This is the documentation for version 0.39. For documentation on the latest version of kpt, please see


Frequently asked questions

Q: What’s with the name?

A: kpt was inspired by apt, but with a Kubernetes focus. We wanted to uphold the tradition of naming tools to start with k, and also be short enough that you don’t have to alias it. It is pronounced “kept”.

Q: What does kpt provide that git clone doesn’t

A: kpt enables out-of-the-box workflows that git clone does not such as: cloning and versioning git subdirectories, updating from upstream by performing structured merges on resources, programmatically editing configuration (rather than with an editor), etc

Q: How is kpt different from other solutions?

A: Rather than expressing configuration as code, kpt represents configuration packages as data, in particular as YAML or JSON objects adhering to the kubernetes resource model

Q: Why resource configuration as the artifact rather than templates or configuration DSLs?

A: As explained in Declarative application management in Kubernetes, using resource configuration provides a number of desirable properties:

  1. it clearly represents the intended state of the infrastructure – no for loops, http calls, etc to interpret

  2. it aligns with how tools developed by the Kubernetes project are writtenkubectl, kustomize, etc

  3. it enables composition of different types of tools written in different languages

    • any modern language can manipulate YAML / JSON structures, no need to adopt go
  4. it supports static analysis and validation

    • develop tools and processes to perform validation and linting
  5. it supports programmatic modification

    • develop CLIs and UIs for working with configuration rather than using vim
  6. it supports customizing generated resources so the templates don’t need to be modified

    • artifacts generated from templates or DSLs may be modified directly, and then merged when they are regenerated to keep the modifications.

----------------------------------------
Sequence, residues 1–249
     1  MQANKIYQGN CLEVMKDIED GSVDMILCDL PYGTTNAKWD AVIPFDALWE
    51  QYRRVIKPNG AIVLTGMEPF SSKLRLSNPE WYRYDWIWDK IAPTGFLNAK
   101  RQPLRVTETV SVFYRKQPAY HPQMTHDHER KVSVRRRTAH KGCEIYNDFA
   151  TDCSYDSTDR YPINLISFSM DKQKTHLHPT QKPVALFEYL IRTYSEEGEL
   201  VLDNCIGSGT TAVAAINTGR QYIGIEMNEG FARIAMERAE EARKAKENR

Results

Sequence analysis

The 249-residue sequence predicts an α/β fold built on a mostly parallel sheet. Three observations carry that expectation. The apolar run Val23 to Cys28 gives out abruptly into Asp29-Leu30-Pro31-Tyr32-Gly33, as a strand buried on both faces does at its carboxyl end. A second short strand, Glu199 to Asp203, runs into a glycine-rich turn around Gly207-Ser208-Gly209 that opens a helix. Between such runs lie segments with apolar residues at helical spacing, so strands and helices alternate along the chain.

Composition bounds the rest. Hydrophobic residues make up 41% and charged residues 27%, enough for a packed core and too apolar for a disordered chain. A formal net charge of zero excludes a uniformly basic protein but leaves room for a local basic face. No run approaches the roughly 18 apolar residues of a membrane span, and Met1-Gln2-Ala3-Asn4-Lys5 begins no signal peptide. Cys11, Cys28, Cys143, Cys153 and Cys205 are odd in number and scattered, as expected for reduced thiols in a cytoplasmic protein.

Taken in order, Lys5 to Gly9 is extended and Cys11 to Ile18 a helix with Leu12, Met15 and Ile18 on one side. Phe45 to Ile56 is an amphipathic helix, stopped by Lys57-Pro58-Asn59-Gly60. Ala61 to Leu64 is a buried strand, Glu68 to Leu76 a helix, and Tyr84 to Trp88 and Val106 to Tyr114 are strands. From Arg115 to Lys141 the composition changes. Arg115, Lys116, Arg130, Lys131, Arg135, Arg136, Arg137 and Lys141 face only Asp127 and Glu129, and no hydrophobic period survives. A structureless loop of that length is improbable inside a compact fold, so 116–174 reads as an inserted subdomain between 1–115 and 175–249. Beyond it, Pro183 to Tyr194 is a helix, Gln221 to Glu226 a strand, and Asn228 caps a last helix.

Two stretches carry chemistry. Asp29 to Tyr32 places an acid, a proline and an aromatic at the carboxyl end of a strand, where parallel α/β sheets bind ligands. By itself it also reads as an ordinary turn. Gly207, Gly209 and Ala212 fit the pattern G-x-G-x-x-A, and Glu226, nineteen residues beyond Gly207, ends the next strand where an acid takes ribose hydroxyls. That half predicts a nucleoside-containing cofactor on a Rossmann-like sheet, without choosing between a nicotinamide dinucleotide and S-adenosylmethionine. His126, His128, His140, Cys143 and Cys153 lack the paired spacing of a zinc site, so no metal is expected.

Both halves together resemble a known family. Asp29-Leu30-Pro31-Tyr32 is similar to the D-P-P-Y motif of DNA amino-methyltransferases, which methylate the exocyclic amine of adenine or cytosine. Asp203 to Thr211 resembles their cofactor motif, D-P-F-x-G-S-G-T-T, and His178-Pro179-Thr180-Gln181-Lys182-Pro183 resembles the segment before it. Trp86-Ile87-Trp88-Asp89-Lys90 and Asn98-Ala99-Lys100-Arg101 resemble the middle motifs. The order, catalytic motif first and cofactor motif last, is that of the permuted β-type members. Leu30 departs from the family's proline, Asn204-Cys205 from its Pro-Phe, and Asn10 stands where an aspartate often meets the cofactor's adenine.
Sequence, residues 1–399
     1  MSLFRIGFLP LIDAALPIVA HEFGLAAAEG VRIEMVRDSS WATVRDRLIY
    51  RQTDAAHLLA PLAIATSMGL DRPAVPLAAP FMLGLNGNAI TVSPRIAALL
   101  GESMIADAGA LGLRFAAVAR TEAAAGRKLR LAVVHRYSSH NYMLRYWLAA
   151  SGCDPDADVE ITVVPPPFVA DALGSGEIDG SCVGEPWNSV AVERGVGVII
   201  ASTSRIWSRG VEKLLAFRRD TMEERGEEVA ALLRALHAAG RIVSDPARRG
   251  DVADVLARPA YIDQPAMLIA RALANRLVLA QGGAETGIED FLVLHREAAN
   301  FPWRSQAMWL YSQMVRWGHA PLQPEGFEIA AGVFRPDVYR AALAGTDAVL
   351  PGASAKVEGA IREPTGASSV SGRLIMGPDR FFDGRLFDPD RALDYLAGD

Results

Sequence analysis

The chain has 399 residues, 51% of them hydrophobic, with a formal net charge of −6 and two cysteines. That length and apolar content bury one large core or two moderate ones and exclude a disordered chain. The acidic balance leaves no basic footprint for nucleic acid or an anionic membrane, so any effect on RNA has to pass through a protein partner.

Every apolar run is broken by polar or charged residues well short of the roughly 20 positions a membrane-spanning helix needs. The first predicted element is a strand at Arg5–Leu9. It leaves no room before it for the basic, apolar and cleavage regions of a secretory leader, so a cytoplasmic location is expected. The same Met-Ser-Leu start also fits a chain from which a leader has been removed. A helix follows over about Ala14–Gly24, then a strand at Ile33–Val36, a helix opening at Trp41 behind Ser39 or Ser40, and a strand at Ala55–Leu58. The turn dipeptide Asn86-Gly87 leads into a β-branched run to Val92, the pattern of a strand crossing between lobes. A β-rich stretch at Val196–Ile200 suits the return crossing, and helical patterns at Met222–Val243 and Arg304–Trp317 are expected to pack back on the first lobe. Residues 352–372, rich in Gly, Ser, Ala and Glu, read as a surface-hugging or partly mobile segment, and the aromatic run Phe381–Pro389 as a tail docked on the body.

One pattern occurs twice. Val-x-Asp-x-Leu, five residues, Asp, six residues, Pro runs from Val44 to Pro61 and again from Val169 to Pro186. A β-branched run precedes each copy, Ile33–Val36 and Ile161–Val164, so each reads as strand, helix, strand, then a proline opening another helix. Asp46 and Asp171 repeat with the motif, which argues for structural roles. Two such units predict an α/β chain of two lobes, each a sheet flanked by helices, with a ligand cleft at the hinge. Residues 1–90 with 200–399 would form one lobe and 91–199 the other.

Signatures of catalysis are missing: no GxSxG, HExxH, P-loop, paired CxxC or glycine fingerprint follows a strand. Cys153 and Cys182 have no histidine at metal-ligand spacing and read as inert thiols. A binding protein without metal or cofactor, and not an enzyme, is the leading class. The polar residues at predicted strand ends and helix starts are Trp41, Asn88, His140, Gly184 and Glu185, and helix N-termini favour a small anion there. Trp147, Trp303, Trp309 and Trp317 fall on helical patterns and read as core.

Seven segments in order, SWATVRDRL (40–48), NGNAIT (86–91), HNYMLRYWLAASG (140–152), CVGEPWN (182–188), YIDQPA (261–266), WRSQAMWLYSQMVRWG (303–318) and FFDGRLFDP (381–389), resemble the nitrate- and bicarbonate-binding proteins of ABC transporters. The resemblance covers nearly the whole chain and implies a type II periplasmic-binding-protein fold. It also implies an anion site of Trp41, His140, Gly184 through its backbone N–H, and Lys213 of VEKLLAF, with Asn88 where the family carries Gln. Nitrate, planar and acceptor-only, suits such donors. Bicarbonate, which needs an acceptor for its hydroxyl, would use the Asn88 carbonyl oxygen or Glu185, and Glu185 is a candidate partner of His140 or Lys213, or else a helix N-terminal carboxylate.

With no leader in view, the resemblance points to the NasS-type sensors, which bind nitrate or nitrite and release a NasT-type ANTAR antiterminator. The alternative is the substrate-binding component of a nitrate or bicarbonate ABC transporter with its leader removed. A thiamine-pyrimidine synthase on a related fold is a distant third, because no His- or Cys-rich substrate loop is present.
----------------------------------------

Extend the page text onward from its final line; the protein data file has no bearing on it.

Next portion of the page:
7. it supports display in UI and tools which use either OpenAPI or the YAML/JSON directly.

Q: Isn’t writing YAML hard?

A: kpt offers a collection of utilities which enable working with configuration programmatically to simplify the experience. Using vi to edit YAML should be necessary only for bootstrapping, and the common cases should use setters or functions to generate or modify YAML configuration.

Q: I really like DSL / templating solution X. Can I use it with kpt?

A: Yes. kpt supports plugging in solutions which generate or manipulate configuration, e.g. from DSLs and templates. This may be performed using source functions from our catalog. The generated output may be modified directly, and merged when regenerated.

Q: I want to write high-level abstractions like CRDs, but on the client-side. Can I do this with kpt?

A: Yes. kpt's architecture facilitates developing programs which may generate or modify configuration. See the Functions User Guide for how to compose multiple programs together.

Q: How do I roll out changes throughout my organization using kpt?

A: This can be done one of several ways, including: 1) using semantic versioning or release channels with functions, or 2) updating packages.

Q: Is there a container image that contains kpt?

A: Yes. contains the kpt binary.

Q: How do I run source or sink functions?

A: All kpt functions, including source and sink functions, should be run using kpt fn run. The kpt fn source and kpt fn sink commands run builtin source and sink functions.

Q: I still have questions. How do I contact you?

A: Please reach out!

Next Steps

  • Learn about kpt architecture including major influences and a high-level comparison with kustomize.
  • Consult the command reference for how to use kpt.
  • Read kpt guides for how to produce and consume packages and integrate with a wider ecosystem of tools.